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Australian Dinosaur Stampede really a day at the beach?

From: Ben Creisler

Another paper in the new JVP:

Anthony Romilio, Ryan T. Tucker & Steven W. Salisbury (2013)
Reevaluation of the Lark Quarry dinosaur Tracksite (late
Albian–Cenomanian Winton Formation, central-western Queensland,
Australia): no longer a stampede?
Journal of Vertebrate Paleontology 33(1): 102-120

The Lark Quarry dinosaur tracksite has previously been recognized as
recording the stampede of a mixed herd of dozens of small theropod and
ornithopod dinosaurs. A reexamination of trackway material reveals
that the small theropod-type tracks, previously assigned to the
ichnotaxon Skartopus, can co-occur within individual trackways of the
ornithopod-type tracks assigned to Wintonopus. Moreover, in singular
deep tracks where the overall surface outline resembles Skartopus, the
base of the track can also resemble Wintonopus. Whereas the Wintonopus
holotype may reflect the pedal anatomy of a short-toed or
subunguligrade ornithopod trackmaker, the elongate ‘toe’ impressions
typically associated with Skartopus (including the holotype) primarily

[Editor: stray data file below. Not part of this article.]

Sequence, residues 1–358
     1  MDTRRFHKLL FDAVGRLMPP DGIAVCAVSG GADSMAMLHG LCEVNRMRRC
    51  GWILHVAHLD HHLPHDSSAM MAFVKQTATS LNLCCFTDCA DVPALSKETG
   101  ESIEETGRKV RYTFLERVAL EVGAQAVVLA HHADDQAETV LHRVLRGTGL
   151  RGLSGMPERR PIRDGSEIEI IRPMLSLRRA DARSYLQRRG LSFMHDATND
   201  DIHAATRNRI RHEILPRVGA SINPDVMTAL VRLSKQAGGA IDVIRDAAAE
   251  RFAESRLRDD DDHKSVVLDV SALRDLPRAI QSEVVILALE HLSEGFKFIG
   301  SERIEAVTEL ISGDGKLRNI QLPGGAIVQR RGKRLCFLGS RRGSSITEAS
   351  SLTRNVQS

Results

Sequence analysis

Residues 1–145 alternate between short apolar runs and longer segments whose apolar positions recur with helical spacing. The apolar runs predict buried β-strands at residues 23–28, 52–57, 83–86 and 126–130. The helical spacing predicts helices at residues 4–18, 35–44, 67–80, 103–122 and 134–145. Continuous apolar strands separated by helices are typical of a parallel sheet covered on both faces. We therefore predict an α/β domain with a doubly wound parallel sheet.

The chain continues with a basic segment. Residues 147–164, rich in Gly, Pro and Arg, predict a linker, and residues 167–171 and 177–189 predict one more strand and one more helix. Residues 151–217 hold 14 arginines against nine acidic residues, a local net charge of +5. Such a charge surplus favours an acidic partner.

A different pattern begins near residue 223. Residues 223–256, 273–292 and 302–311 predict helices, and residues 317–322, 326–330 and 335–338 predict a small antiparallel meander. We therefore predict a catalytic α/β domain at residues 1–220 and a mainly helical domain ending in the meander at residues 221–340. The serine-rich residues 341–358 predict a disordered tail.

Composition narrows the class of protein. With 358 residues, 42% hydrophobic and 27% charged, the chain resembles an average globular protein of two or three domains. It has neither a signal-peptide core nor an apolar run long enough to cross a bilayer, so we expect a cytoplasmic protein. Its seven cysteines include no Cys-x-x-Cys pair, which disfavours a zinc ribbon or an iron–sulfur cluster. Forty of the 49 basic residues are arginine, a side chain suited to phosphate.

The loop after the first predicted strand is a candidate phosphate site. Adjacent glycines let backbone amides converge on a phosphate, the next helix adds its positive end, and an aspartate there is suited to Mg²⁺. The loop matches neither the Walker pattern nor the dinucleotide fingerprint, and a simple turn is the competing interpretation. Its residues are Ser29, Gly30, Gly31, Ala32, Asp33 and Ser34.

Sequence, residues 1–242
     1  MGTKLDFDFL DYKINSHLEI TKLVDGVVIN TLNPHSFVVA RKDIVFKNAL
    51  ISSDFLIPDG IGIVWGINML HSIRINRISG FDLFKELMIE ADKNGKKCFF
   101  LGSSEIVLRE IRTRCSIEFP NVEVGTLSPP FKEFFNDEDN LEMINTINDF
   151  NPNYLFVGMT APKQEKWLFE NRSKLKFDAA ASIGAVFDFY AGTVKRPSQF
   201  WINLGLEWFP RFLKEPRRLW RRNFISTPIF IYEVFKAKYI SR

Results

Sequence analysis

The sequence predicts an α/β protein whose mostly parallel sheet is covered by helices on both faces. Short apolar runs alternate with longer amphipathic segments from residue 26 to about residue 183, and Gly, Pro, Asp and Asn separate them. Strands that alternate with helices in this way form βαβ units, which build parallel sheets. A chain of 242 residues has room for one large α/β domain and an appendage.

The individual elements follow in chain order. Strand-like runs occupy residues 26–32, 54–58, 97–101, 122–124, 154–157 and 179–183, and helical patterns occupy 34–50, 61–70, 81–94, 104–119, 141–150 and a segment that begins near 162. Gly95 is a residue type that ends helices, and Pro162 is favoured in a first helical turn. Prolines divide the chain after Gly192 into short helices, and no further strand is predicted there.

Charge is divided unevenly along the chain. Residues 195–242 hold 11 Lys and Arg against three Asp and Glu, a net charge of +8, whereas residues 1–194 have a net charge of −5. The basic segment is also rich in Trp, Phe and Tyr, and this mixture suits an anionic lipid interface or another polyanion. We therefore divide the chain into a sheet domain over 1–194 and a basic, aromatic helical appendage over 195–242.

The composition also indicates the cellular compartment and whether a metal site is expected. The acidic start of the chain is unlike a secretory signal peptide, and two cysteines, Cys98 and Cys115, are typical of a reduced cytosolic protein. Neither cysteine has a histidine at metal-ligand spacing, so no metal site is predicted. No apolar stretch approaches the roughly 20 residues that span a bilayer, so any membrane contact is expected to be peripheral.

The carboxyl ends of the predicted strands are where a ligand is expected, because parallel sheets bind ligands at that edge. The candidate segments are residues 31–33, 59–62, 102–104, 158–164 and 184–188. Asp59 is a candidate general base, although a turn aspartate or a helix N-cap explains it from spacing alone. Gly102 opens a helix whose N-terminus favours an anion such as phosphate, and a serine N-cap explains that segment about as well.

provide information on digit movement through the sediment and, in
many instances, may represent swim traces. The morphological
differences between the two ichnotaxa are therefore not taxonomically
significant and we formally propose that Skartopus australis should be
considered a junior synonym of Wintonopus latomorum. Longitudinal
depth profiles through tracks indicate that many are swim traces. The
sedimentology and lithology of Lark Quarry further indicates the site
represents a time-averaged assemblage formed in a fluvial-dominated
floodplain under variable subaqueous conditions, with the parallel
orientation of the numerous trackways formed by trackmakers under the
influence of downstream current flow. This indicates that the fluvial
environment may have been a preferred route for hydrophilic bipedal
dinosaurs. We thus do not consider the Lark Quarry dinosaur tracksite
to represent a ‘stampede.’ Instead, the tracksite may represent part
of a riverine setting, where the water was shallow, in which small
dinosaurs swam and/or waded.

Also dino-related in the new JVP:

Richard J. Butler, Adam M. Yates, Oliver W. M. Rauhut & Christian Foth (2013)
A pathological tail in a basal sauropodomorph dinosaur from South
Africa: evidence of traumatic amputation?
Journal of Vertebrate Paleontology 33(1): 224-228

(no abstract)